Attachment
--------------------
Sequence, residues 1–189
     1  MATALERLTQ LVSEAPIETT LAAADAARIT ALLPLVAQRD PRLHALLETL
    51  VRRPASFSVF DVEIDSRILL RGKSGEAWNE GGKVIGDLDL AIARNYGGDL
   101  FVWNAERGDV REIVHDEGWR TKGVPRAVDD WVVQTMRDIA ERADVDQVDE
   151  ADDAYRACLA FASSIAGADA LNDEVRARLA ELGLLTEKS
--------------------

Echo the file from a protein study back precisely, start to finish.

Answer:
Sequence, residues 1–189
     1  MATALERLTQ LVSEAPIETT LAAADAARIT ALLPLVAQRD PRLHALLETL
    51  VRRPASFSVF DVEIDSRILL RGKSGEAWNE GGKVIGDLDL AIARNYGGDL
   101  FVWNAERGDV REIVHDEGWR TKGVPRAVDD WVVQTMRDIA ERADVDQVDE
   151  ADDAYRACLA FASSIAGADA LNDEVRARLA ELGLLTEKS